My theory is that dad is plain lazy and don't want to get out of bed or work for anything.
Maybe we had a good relationship before his legs turned 'bad'. Sadly, I can't remember. Because I was so young, seven at the time his legs gave up, the memories of him as a living dead man are a lot stronger than the ones when he could actually walk around.
It would be ten times harder talking to my mum about Gabriel and our breakup. She would ask so many questions and even if I would tell her lies as answers it wouldn't soothe her.
That woman could read me like an open book and always knew when I was lying. In a matter of time she would know the truth, that it was my fault that we broke up, and that's when hell would break loose.
Mum has very strong opinions about everything she can understand. She does not like cheaters, bills, low-calorie food, piercings, art, music, cars, female maltreatment, sarcasm and greed.
She likes herself. And horses. That's just about it.
Mum's passion for horses is, according to me, ridiculous. That's the first thing she thinks about in the morning and the last thing passing her mind at night. It wouldn't be a surprise if she dreamt about horses and saddles too.
Her undying love for these... creatures, was the reason for the big stables built on the ground that belonged to our family. In those stables she kept tons of horses for her riding school and horse stud.
Sure, it was the household's source of money. The money from selling engendered horses and the annual fee that the children in the riding school was what made it possible for her to pay the bills.
Now when mum's age has started to get to her and she can't jump up and down on horses anymore, the money isn't flowing as nicely as it used to. Since she is in need of more help she had to employ more people to help her with the business. That means more salaries to pay and less money in her own pocket.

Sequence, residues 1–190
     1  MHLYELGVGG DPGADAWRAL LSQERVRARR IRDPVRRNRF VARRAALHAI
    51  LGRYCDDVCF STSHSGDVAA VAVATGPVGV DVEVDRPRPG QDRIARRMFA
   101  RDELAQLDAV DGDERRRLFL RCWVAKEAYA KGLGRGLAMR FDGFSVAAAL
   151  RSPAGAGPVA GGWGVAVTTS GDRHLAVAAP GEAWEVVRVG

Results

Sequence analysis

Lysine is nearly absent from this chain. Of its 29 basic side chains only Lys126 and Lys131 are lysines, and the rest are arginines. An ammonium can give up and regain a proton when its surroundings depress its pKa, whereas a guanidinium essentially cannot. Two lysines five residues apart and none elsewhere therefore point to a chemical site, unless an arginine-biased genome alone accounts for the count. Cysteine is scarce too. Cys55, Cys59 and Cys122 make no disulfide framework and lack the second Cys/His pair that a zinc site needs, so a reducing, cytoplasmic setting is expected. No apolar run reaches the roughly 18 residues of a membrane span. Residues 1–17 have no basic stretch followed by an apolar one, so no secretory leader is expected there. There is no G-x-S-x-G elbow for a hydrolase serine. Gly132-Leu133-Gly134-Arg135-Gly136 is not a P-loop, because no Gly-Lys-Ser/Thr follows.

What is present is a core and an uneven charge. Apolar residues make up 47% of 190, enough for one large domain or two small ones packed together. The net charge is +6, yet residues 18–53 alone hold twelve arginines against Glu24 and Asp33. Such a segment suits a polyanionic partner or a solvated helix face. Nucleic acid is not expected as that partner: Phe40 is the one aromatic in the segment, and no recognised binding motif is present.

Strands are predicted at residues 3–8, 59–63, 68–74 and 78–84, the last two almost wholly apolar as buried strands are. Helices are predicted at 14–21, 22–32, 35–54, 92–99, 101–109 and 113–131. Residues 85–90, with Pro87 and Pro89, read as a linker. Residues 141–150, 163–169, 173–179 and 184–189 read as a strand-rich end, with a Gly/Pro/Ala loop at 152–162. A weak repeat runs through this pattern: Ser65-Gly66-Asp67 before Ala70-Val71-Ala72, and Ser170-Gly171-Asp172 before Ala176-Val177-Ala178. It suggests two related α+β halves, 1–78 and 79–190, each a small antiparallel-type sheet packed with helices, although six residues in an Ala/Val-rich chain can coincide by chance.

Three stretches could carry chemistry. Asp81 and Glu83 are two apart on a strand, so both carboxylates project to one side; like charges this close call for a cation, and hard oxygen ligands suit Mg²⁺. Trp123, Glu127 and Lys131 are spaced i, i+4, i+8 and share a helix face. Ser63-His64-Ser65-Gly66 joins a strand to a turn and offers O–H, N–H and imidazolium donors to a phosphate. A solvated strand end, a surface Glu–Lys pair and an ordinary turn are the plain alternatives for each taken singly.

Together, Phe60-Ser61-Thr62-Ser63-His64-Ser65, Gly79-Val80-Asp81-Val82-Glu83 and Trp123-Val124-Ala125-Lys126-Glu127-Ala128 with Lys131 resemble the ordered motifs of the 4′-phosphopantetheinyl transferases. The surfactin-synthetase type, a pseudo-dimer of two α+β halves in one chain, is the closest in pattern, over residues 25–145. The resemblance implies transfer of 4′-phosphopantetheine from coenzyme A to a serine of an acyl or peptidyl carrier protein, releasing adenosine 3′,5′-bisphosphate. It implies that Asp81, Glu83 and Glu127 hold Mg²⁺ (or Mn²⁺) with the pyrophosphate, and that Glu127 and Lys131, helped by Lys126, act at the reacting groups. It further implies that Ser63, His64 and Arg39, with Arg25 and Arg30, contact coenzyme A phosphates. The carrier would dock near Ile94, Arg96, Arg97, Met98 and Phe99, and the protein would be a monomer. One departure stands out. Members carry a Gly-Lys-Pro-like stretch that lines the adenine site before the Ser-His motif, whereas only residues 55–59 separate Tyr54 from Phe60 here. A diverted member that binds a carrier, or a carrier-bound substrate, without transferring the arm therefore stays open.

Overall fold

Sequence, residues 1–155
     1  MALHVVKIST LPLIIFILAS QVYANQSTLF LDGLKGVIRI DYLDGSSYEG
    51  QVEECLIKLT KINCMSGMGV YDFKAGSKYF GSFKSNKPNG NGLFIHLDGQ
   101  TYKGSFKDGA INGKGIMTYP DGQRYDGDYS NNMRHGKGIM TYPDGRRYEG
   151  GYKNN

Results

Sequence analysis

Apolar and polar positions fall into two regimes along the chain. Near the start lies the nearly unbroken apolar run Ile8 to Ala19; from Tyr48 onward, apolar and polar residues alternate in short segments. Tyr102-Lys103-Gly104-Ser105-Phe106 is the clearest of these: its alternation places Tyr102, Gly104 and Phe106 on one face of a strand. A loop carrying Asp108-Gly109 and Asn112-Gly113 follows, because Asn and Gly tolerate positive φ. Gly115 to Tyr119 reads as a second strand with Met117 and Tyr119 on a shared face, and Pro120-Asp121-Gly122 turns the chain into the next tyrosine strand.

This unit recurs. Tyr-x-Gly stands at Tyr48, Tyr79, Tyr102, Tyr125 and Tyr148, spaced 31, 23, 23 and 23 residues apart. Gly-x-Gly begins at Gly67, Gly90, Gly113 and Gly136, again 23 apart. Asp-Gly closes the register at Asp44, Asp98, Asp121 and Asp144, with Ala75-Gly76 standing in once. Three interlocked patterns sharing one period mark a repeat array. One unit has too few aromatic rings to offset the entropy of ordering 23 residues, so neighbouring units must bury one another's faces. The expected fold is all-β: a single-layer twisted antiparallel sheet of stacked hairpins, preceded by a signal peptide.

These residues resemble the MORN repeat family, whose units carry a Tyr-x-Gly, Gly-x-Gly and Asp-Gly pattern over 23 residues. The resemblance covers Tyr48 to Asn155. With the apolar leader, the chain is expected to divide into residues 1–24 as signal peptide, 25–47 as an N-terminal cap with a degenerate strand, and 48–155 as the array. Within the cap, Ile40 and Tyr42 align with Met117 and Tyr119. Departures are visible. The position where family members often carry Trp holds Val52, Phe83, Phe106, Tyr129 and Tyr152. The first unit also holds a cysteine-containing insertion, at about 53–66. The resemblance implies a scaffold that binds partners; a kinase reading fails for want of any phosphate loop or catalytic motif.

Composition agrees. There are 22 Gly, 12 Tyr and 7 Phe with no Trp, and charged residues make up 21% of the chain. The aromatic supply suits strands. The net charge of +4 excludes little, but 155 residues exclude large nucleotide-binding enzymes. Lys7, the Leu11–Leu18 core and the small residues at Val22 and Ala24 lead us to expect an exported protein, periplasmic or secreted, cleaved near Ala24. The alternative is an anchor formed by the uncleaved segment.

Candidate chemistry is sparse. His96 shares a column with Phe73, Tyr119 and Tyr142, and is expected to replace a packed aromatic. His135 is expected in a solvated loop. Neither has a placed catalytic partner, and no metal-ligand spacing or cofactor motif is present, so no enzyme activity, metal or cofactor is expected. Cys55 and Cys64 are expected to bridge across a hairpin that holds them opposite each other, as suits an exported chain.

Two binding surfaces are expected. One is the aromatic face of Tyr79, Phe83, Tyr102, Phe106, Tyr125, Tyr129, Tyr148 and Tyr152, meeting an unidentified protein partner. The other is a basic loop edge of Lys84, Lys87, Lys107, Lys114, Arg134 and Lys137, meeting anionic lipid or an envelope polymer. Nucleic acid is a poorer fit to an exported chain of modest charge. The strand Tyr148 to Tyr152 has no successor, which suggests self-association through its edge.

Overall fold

Sure, the bills were paid, but after that the money didn't last very long. It only covered the not so affordable amounts of greasy food mum loved dearly. I've never had the courage to say it, but maybe she would have more energy to spend on the horses if she dropped the grease and lost a couple of pounds. Mum has never been a stick, but when she passed the age of fifty the weight started to really appear on her hips and stomach.
What did she look like now? I had no idea. It had been three years since I visited them and a lot could have happened during that time.
I had been living with my parents on and off until I turned twenty-seven and left to try my luck in Los Angeles. In the city of angels I quickly met Gabriel and the rest is history.
I never went back to visit my parents during the three years my relationship with Gabriel lasted. Arizona was the past and Gabriel and our life in L.A. was the present. I still gave my mum calls on the holidays to fill her in about my life and to ask her about how dad was doing. Never anything else but polite phrases and stiff words were exchanged.
I didn't bother to be a good daughter. That was selfish. Incredibly selfish.
The suitcase in my left hand weighed me down like a bag of bricks when I knocked on the front door to the house with my right hand. The sound of a plate dropping and breaking on the floor was heard and then steps came closer and closer until I could see mum's figure moving behind the tinted glass next to the front door.
The door's handle vibrated and then the door swung open to reveal my dear old mother standing in her white housecoat. It looked so worn out and scruffy on her big frame. She had worn that housecoat every morning since I was a child and it really was time for it to retire. Her eyes widened in shock and her lips were slightly parted.